Russia’s invasion of Ukraine has brought to the fore U.S.-China frictions with no end in sight, analysts warned, while a former Asian leader cautioned about the risk of a new world war.
“I am afraid that wars have a habit of beginning small and then grow into world wars,” former Malaysian Prime Minister Mahathir Mohamad said at the Future of Asia conference hosted by Nikkei Inc. last week.
Mahathir served as Malaysia’s prime minister from 1981 to 2003 and again from 2018 to 2020. He was 20 when World War II ended.
Meanwhile, Chinese and U.S. analysts present at the conference traded accusations against each other’s countries and their roles in trying to resolve the conflict in Ukraine.
Bonnie Glaser, Director of the German Marshall Fund of the United States, said that China and Russia share a common interest in weakening U.S. global influence and they “seek to change the international order.”
She reminded the audience at the conference that before the Russian invasion of Ukraine it was reported that the U.S. shared intelligence with China about Russia’s military plan and urged Beijing to intervene to prevent the war, only for China to share that intelligence with Moscow.
This “underscores how much mistrust is there between the U.S. and China,” Glaser said.
In response Jia Qingguo, professor at the Peking University’s School of International Studies, said the difference between China and the U.S. is that the U.S. is seeking an ideological world order while China is seeking a secular one “based on national sovereignty and territorial integrity.”
It is the U.S. that has been trying to contain China, Jia said.
China does not endorse Russia’s military attack against Ukraine but is sympathetic to Moscow being pushed by NATO’s possible expansion, the Beijing-based professor said, adding: “Never push a country, especially a big country, to a corner, however benign the intentions are.”
“Countries should respect each other,” Jia said.
Regarding that statement, the German Marshall Fund’s Glaser argued that China has been showing double standards when it comes to the definition of “respect.”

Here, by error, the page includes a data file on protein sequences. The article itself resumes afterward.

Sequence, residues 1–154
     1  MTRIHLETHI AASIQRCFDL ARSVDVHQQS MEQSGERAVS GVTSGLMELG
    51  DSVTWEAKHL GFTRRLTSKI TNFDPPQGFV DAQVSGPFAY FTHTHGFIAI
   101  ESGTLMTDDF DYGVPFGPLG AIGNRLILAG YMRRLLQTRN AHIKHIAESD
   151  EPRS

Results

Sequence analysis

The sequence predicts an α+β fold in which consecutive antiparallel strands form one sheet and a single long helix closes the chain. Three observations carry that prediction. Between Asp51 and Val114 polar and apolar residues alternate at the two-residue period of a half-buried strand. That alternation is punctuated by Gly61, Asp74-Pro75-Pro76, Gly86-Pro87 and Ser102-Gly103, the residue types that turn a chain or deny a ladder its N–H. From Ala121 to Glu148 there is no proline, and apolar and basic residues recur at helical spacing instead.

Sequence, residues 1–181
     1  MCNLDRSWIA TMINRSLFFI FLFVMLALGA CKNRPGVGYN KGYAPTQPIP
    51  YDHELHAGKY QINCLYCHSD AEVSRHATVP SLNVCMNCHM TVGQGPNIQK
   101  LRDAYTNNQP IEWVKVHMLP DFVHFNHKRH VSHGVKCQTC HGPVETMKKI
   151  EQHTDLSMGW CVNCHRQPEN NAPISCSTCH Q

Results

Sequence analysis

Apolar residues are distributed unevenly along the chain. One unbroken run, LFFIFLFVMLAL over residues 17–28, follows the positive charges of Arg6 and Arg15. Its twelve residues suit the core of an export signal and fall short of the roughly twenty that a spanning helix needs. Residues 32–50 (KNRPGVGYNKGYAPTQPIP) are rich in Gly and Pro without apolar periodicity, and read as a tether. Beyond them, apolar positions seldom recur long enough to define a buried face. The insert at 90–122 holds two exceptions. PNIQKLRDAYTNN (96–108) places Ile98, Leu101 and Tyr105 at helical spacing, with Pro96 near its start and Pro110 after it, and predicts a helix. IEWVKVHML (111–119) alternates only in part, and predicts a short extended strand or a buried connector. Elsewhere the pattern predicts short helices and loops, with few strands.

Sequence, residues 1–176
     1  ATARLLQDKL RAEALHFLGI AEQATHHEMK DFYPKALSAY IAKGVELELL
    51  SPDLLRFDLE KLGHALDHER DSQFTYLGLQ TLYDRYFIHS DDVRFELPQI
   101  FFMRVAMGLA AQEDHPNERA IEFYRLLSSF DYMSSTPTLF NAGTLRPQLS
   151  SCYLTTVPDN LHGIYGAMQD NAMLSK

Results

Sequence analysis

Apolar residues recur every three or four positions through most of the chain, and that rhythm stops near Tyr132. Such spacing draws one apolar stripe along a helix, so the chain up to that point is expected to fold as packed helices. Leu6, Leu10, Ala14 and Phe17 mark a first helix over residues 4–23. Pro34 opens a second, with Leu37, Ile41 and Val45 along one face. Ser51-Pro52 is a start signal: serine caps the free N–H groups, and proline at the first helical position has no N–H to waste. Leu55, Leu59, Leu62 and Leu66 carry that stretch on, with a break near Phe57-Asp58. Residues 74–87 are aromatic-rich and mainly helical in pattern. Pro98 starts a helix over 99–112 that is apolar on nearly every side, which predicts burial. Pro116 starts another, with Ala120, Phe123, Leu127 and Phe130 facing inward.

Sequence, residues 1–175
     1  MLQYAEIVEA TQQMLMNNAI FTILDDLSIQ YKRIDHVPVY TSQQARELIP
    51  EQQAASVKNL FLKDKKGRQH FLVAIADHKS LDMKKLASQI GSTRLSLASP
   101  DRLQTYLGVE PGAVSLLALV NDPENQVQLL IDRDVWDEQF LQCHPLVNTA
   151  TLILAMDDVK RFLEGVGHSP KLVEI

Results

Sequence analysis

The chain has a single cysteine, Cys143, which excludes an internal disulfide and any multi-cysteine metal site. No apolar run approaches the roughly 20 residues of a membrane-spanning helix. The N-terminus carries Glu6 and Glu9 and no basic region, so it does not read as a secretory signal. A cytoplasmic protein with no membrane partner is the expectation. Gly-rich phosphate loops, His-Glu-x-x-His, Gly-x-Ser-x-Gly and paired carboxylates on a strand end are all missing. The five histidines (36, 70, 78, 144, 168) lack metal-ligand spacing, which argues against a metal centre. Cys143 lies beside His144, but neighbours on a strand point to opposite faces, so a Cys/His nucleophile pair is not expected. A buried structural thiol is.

“When countries have put their own interests ahead of Chinese interests, that has been interpreted by Beijing as disrespect,” she said.
As the war drags on, “rather than be a strategic partner for China, Russia will become a burden,” predicted Glaser.
“One possibility is that the U.S. will be freed up to some extent to focus even more intently on the competition with China and on cooperation with allies and partners in the Indo-Pacific region,” the American analyst said, pointing out that officials in the Biden administration believe “that is the most likely outcome.”
Veteran diplomat Bilahari Kausikan, who is a former permanent secretary to Singapore’s Foreign Ministry, said the key issue at present is U.S.-China relations.
“China has been put in a very awkward situation. It has no other partner of the same strategic weight as Russia anywhere in the world,” he said.
Speaking from the perspective of Southeast Asian countries, Kausikan said geopolitics are “moving in the direction of the West” but “if you insist in defining this conflict as a fight between totalitarianism and democracy you’ll likely make that support more shaky and shallow.”
“Not every country in this region finds every aspect of Western democracy universally attractive. Nor do they find every aspect of Chinese authoritarianism universally unappealing,” he argued.
Former Malaysian PM Mahathir seemed to echo the Chinese government’s stance when describing the attitude of the U.S. as “always to apply pressure to force regime change.”
“When people do not agree, the U.S. would show that it may take military action,” he said. “That is why there is a tendency for tension to increase whenever it involves the U.S.”
But “it’s not easy to contain China,” Kausikan said.
“China and the U.S. are both parts of the global economic system. They’re linked together by supply chains … Like it or not, they’re stuck together,” the Singapore analyst said.
“Competition will be very complicated,” he added.
Experts at the Tokyo conference also discussed the possibility of a conflict involving Taiwan, which China considers a breakaway province that should be reunified with the mainland.
Jia Qingguo stated that there should be no comparison between Ukraine and Taiwan.
“No country has the right to support some residents of another country to split the place in which they live away from that country,” he said.
“China has every right to make sure that Taiwan will not be split from China.”
Glaser said China’s military is, without doubt, following the war in Ukraine closely.
“There are some differences between Taiwan and Ukraine and it’s not a perfect analogy but there are lessons to be drawn.”
“Russia has far greater military capabilities than Ukraine but the Ukrainian resistance has been fierce and I wonder if the PLA has actually anticipated a possibility of facing a fierce resistance in Taiwan,” Glaser said.
She said she hoped Taiwan would also draw some lessons from the conflict in Ukraine and develop its own defense capabilities in the face of security threats from China.